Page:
The tech industry has a reputation for pampering its workers, offering perks like free shuttles to work, gourmet lunches, and office massage chairs. But 60,000 Silicon Valley workers may derail that image in a recently certified class-action lawsuit charging that some of the world’s most powerful tech companies conspired to suppress wages for years. The Ninth Circuit Court of Appeals ruled Tuesday that workers at Google, Apple, Adobe, Intel, and others could sue as a group, which lets them seek higher damages at a lower cost than if they pursued their cases individually.
The employees are suing over emails discovered during a Department of Justice (DOJ) antitrust probe, in which top executives, including Apple founder Steve Jobs and Google CEO Eric Schmidt, agreed not to poach each other’s employees. The understanding was meant to avoid “bidding wars,” according to Google executives, thus depriving coveted workers of leverage they could potentially use to extract raises from their current employers. According to the complaint, employers took the no-poach agreements so seriously that they would not even hire employees who applied from other companies. As a result, skilled workers had little choice but to stay at their current companies and work at lower wages than they could have in an open market.
The DOJ ultimately settled its case in 2009 and forced the companies to end the agreements, though there is speculation that the no-hire policy still exists informally. Because the DOJ didn’t ask for any financial penalty, five software engineers took up the case in 2011 and are seeking around $9 billion in damages for all the workers affected by the conspiracy.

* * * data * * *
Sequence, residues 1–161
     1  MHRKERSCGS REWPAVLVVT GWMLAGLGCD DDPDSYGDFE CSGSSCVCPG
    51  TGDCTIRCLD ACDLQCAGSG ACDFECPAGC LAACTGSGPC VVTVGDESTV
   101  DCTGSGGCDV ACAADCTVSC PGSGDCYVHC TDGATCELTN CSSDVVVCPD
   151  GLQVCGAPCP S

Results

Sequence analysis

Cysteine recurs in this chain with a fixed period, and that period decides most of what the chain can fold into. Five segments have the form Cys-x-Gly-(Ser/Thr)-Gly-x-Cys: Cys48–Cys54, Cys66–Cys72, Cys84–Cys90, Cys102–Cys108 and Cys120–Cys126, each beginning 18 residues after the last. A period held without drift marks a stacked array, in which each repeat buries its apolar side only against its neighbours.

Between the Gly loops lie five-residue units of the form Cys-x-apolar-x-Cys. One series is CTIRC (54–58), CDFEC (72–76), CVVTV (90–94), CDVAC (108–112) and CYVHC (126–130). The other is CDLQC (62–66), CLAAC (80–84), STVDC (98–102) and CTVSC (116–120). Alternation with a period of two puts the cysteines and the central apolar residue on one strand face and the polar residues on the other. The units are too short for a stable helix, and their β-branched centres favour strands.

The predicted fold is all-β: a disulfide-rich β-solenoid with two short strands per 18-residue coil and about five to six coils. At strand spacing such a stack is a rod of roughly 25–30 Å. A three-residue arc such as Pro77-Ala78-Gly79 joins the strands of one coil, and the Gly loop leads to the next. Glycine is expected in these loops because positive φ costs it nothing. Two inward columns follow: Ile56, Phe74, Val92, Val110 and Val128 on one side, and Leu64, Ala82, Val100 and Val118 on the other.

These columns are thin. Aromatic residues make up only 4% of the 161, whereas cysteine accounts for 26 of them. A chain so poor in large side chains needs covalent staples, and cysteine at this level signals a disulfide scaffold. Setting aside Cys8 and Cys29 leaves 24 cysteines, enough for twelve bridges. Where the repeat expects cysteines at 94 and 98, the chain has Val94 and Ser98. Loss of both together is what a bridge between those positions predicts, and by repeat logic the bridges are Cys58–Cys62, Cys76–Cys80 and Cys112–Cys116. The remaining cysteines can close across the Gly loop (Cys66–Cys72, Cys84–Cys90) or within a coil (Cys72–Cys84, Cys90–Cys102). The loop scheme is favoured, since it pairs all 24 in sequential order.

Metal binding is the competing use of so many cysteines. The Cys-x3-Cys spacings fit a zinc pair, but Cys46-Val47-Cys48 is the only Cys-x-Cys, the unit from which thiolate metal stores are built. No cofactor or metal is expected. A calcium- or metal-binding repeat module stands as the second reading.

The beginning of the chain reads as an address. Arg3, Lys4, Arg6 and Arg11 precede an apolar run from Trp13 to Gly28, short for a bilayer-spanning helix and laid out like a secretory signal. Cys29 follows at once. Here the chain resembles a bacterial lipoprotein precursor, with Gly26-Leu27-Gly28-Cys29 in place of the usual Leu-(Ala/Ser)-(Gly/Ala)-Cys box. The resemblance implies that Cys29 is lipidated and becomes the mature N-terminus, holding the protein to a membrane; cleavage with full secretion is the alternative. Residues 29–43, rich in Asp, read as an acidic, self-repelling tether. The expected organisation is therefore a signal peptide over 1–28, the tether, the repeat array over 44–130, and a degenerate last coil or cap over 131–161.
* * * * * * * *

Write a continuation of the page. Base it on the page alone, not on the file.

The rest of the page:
The lawsuit may seem like insider drama between tech moguls and their already highly paid employees, but it reveals a glimpse into the highly stratified professional hierarchy that has made Silicon Valley a study in class divides. While Google, Apple, Intel, and Adobe have soared to world dominance status and senior executives have reaped billions of dollars, mid-level workers are seeing fewer benefits. The uber-wealthy tech industry has turned Silicon Valley into the least affordable metropolitan area in the country, even for Web developers and software engineers with astronomical salaries by the rest of the nation’s standards.
And while the tech industry is certainly robust, most of Silicon Valley’s projected job growth is expected to come from jobs paying less than 50,000 a year — nowhere near the salary required to afford an apartment in the area. The closely-watched 2013 Silicon Valley Index report found that while innovation and specialized services did see some job growth, it was dwarfed by the influx of low-paying jobs in health care, retail, and food services. Meanwhile, median incomes have dropped for all but the most highly educated workers, and middle income households are quickly vanishing.